In either case, the facilities and logistics already constrain exercise selection. I should say there is hardly room for the absolute functionality mind-set to take away any more.

For me, four major questions need to be asked when determining exercise usage in a program:

  1. Is it safe? This is priority number one. If it significantly increases the risk of injury during the workout or in performance, it will not be used.
  2. Is it functionalIn terms of the function for which we are training (e.g. baseball; football; life), the exercise should be as appropriate as possible.
  3. Is it effectiveIt is important that the exercise actually accomplishes what we are striving to attain.
  4. Is it practicalIn terms of logistics and capabilities (both tangible and intangible), we must be able to actually utilize the exercise efficiently given our current circumstances.

Realistically, all of these questions should rest on their own sliding scale or continuum. To illustrate my point, take the Olympic lifts for example:


  1. Are the Olympic lifts safe? Relative to a body-weight squat, probably not as safe, no. How about considering the safety of a properly taught and implemented OLY lift vs. an improperly taught/implemented one?
  2. Are the Olympic lifts functional? Well, the athlete will be on their feet, promoting hip and shoulder mobility. There is power-production and strength involved. There is kinetic chain sequencing at work as well. All of this is functional to sport, itself, but is it highly functional to a specific sport, like baseball?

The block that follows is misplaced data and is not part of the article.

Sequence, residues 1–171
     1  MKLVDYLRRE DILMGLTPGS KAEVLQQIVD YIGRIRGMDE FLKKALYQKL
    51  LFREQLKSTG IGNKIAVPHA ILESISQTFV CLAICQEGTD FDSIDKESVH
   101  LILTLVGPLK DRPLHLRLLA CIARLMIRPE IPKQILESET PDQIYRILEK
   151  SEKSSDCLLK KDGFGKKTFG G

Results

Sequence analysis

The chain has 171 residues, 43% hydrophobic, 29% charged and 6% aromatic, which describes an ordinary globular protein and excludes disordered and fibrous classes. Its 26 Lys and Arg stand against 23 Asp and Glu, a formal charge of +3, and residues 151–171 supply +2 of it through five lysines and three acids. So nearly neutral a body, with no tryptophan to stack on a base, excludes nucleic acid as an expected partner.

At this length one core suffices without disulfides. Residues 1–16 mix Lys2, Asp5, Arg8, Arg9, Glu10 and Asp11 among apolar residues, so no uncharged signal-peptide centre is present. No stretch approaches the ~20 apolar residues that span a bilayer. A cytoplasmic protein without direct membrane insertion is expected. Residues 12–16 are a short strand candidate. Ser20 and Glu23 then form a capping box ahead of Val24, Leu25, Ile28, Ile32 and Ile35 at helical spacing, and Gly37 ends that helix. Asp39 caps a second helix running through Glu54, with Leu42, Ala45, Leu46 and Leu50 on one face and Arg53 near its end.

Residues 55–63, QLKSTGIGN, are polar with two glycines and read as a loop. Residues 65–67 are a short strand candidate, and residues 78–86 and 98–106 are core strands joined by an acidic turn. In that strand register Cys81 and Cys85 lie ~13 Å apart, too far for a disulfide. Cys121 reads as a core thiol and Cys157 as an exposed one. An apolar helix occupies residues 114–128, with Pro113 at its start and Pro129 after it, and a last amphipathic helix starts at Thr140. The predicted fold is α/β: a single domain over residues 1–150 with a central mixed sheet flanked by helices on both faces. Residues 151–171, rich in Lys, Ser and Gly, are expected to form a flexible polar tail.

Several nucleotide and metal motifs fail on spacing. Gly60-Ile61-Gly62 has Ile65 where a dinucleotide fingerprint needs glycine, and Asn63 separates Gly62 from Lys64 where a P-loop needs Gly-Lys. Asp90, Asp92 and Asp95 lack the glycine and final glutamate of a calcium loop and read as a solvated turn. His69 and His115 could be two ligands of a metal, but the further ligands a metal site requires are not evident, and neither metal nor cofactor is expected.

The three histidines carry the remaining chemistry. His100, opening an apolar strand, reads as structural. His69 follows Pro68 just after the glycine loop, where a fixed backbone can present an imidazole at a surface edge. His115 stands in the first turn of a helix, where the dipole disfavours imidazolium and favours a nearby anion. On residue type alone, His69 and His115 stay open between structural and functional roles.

3. Are the Olympic lifts effective? Depends on your goal. If your goal is to build a base of strength, then they’re probably not as effective as less complex and less power-focused movements, like a standard squat. If you goal is to get more powerful, then yes, absolutely.
  4. Are the Olympic lifts practicalWell, only if you can safely and properly teach it to your athletes. And, only if they are ready to perform them (i.e. they are experienced trainees). Don’t forget to account for the equipment (you might want some olympic bars, bumper plates, and platforms), the time, and the facility size.

As you can see, even these four questions about one set of exercises open up the discussion for many more questions, making exercise selection way too complex for any absolutes, in my humble opinion. Ultimately, this is why I say that functional – albeit a very important aspect of training – is only one aspect that must be considered when selecting exercises.


The goal of this post was not to force-feed my philosophy onto anyone, nor was it to combat anybody else’s thoughts. In fact, there are probably more questions than answers in this post – and that was done on purpose. The hope is that these questions spur more great conversations on the matter.